ART Event | DEFINING DEMOCRACY: How Black Print Culture Shaped America, Then and Now

KEYNOTE: Defining Democracy, Presented by Cornell University


Join Cornell University literary historian and author Derrick Spires in this webcast as he challenges the assumption that there was little or no Black print culture in 19th-century America before the Civil War. Using material from Cornell’s own Rare and Manuscript Collections, including the Samuel J. May collection,

Dr. Spires will explore the oft-neglected written record of African American intellectual history, New York state activism, and Black material culture. By highlighting these rare print materials, Dr. Spires will demonstrate the vibrancy and centrality of Black print culture — and its importance to understanding citizenship and democracy in America’s 19th century as well as its 21st.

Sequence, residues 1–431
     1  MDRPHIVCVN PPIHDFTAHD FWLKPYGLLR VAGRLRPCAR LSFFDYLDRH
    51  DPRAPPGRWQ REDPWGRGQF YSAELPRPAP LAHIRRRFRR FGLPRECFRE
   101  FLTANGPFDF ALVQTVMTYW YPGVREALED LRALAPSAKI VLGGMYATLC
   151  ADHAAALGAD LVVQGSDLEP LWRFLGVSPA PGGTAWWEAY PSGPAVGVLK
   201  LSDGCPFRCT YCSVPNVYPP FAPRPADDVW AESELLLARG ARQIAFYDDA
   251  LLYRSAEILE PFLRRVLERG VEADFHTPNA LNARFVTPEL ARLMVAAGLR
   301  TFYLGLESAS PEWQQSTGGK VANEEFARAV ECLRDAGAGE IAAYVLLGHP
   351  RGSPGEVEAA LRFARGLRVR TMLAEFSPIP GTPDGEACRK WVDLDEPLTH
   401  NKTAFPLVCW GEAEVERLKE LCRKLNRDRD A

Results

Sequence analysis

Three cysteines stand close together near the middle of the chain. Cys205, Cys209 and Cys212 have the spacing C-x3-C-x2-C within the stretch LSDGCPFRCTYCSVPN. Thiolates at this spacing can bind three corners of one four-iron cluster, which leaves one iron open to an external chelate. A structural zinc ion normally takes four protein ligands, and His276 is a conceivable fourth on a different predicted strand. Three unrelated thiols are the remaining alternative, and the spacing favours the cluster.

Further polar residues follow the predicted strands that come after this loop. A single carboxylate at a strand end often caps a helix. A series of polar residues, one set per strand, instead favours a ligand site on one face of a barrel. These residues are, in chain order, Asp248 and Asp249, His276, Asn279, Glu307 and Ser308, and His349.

Printing with printing presses at Claflin University, Orangeburg, South Carolina Orangeburg, 1899. Public Domain

Observers have described the launch of the Black Lives Matter movement in 2013 as “America’s long overdue awakening to systemic racism.” Yet Black Americans in this country have been raising their voices for over 200 years to confront disenfranchisement, articulating again and again what it means to be a democratic citizen. And they began to put those thoughts in writing well before the Revolutionary War.

Image: The North star. (Rochester, NY), Dec. 3 1847. Public Domain


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